Starting in Fitzrovia

By Warren Street

blah blah There are at least a dozen pubs within easy walking distance of our home in Fitzroy Street, central London. They range from the traditional, the youth oriented, gambling oriented, soccer-mad, thoughtful, neighbourly, gastro, historic, to just plain boring.

The pubs, no particular order, are:

Wheatsheaf

Smugglers Tavern

Hope

Fitzrovia

Grafton Arms

Marquis of Granby

Jack Horner

Bricklayers Arms

Newman Arms

Duke of York

Draft House

Court

Marlborough Arms

Northumberland Arms

Prince of Wales Feathers

George and the Dragon

Fitzrovia Belle

And there are more.

This blog will aim to identify, on a very subjective basis, the pubs in this area and around London that I think are worth visiting. My criteria are equally subjective: prominent will be the availability of real ale and its newer cousin, craft beer; good service; pleasant surroundings; a good range of beers; availability of food; attractive building and decor. That will do for a start.

There are plenty of “10 best pubs . . .” lists. I will try to avoid these pubs. You can find some here:

The Guardian, 2011: http://www.theguardian.com/travel/2011/may/06/top-10-london-best-pubs

Time Out, undated: http://www.timeout.com/london/bars-and-pubs/the-100-best-bars-and-pubs-in-london

CNN, 2013: http://travel.cnn.com/10-beers-10-londons-oldest-pubs-485661

VisitLondon, undated: http://www.visitlondon.com/tag/traditional-pubs/2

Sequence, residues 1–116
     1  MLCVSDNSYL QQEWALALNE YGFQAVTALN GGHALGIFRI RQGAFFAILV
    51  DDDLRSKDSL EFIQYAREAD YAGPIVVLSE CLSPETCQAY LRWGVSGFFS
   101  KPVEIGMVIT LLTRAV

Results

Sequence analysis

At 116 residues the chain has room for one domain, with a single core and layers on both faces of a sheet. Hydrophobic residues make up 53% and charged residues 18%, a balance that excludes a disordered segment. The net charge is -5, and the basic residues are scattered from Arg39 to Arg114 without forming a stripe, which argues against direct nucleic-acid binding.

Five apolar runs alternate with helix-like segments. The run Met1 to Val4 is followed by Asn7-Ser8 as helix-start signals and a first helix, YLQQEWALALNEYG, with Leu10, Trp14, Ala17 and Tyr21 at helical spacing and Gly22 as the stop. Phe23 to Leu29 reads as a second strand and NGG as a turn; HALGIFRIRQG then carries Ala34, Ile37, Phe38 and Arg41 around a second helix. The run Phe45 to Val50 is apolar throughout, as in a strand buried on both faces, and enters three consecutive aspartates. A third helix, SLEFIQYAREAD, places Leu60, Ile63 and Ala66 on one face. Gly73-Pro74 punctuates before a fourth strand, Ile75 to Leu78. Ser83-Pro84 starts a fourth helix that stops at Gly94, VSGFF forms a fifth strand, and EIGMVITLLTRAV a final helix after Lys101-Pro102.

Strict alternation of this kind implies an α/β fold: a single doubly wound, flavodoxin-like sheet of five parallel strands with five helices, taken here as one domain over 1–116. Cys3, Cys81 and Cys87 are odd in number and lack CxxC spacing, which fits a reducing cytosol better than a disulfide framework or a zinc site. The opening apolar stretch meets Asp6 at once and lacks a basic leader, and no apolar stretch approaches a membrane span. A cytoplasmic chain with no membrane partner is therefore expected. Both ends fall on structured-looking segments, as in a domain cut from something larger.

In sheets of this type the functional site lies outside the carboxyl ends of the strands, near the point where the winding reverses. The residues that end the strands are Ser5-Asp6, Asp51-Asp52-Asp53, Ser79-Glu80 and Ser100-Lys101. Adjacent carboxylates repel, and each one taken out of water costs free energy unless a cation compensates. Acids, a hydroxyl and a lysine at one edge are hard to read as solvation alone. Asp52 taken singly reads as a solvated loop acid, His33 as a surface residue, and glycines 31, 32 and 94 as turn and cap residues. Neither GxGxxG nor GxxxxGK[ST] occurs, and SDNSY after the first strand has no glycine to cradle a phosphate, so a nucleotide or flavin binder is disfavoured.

and so on. I have visited some of  these pubs over the years but my list is solely my own. Stay tuned.

Casting wide

My first noteworthy pub is not in London. It’s not even in England, or in Britain. It’s the Loft Bar in Ballina, County Mayo, Ireland.

What is it about the Loft Bar that merits it being first off in my new blog? After all, I’m breaking my self-set rules about location. Nor does the Loft have a good range of real or craft ales. What it does have is good company, good stout and friendly staff who certainly made my son Jim me at home on a visit to Ireland from London in October 2014.

We were spoiled in our two days in Dublin by spending time in two music pubs — the Cobblestone and the Porterhouse — which had rollicking Irish music and a fun crowd. Now, in Ballina, a town of about 10,000 people, there are about 10 pubs. In October, the music is gone, the recreational fisherfolk are gone, and most of the tourists are gone.

But the Loft Bar has good craic — a happy feeling, fun ambience and a very friendly bar manager in Robert, supported by his brothers and by Declan the bar assistant.

Jim and I had a comfortable room upstairs and enjoyed good Irish breakfasts, occasional good bar snacks, a coal fire, and friendly customers and staff.

There’s a typical range of beers at the bar in the long, narrow barroom, plus a good number of Irish whiskies and other spirits.

Ballina's Pearse Street

Pearse Street, the main street in Ballina

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